By the time The Prodigy walk on stage the venue is a hot house of anticipation, it’s no surprise that after opening salvo Breathe, MC Maxim sheds his fur-lined coat, whipping the crowd into an immediate frenzy. With a backdrop of blue lights akin to neon flycatchers flickering in a deserted warehouse, Maxim, intensely bug-eyed, addresses the crowd as “warriors” and “my people” before Nasty is shot out like venom from their latest album The Day Is My Enemy. The intro of Wild Frontier, another new one, offers a brief respite from the relentless bombardment before the depth charge bass drops and the place goes off again, all lured in by a synth line that harks back to the era of the Jilted Generation album.
As Liam Howlett holds court behind his bank of keyboards, Keith Flint prowls the stage like an unhinged guard dog, until the opening wail of Firestarter summons him to the front. His pyromania-inspired growls under tufts of spiked hair are as convincing and deranged as ever. The Day Is My Enemy title track has an energy that proves that even after 23 years they’re still the best dance-punks around. Voodoo People is given a teasing start with the tempo brought down to a near-dub level before the shrill flute pre-empts the madness that takes hold.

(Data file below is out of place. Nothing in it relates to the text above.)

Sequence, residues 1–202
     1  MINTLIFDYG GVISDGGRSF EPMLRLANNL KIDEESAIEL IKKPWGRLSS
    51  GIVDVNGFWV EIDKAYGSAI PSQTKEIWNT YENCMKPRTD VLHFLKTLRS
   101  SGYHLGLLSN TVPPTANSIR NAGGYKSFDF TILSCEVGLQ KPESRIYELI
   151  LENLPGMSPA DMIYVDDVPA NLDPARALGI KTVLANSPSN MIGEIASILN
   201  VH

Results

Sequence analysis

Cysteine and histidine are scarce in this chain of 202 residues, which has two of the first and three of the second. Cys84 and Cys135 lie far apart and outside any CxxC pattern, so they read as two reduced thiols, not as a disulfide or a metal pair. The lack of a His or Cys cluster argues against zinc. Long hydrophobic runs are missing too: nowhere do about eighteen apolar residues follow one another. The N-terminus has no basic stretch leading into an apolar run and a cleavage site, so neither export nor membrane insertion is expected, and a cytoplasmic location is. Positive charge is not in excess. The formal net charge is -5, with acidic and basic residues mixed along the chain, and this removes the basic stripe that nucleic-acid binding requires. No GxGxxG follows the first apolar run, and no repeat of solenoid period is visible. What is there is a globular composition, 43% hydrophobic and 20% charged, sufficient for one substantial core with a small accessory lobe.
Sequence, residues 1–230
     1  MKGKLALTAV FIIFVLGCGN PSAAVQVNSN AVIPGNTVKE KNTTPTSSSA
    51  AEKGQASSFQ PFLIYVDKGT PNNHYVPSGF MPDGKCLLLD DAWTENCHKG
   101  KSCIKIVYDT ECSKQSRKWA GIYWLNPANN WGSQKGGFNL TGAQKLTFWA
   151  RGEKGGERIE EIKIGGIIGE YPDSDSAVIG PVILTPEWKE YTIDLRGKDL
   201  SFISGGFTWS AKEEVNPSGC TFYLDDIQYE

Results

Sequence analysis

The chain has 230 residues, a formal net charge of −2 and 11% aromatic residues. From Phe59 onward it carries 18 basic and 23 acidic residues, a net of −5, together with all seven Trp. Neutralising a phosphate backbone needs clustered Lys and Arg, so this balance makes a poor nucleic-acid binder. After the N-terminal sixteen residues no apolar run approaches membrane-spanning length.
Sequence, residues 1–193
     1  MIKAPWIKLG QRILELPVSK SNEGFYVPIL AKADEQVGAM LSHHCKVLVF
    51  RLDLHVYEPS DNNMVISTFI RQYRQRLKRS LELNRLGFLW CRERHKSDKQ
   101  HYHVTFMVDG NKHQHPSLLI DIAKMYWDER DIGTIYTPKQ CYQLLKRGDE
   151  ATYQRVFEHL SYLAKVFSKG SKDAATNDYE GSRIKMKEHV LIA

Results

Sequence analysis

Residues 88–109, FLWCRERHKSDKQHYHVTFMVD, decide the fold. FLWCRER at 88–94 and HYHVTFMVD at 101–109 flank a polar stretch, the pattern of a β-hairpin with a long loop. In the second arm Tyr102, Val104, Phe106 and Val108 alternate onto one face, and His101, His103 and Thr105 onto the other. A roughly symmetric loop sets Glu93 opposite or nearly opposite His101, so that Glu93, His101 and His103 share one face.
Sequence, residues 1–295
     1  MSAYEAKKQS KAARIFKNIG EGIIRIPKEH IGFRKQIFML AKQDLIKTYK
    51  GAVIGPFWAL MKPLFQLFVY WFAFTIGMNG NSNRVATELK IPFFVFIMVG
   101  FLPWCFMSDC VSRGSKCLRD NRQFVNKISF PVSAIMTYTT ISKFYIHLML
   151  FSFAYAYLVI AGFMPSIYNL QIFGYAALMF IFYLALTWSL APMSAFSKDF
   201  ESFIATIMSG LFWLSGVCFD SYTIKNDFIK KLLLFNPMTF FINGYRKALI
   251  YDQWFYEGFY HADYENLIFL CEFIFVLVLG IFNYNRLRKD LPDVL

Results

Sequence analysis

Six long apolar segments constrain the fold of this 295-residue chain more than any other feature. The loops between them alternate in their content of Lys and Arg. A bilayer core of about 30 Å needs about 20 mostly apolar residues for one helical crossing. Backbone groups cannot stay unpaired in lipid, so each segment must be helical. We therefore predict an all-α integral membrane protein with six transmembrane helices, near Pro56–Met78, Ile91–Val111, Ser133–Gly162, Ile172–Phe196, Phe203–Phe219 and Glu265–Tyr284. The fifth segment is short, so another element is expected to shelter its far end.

One of the standout tracks of the night, Wall of Death, is an onslaught of beats, guitar and lights that combine to pummel the crowd into wilful submission. Medicine’s snake-charming intro entrances the crowd for a few short seconds before the merciless bass drop gets the room moving again. Smack My Bitch Up ends the main set in a typically berserk fashion, before Maxim orchestrates a human whirlpool for Their Law. On the evening of the general election, where people are electing their leaders, this track is particularly resonant. The Prodigy are as good as ever, it’s unanimous, and they’re still totally living by their own set of laws.
Words: Andrew Gutteridge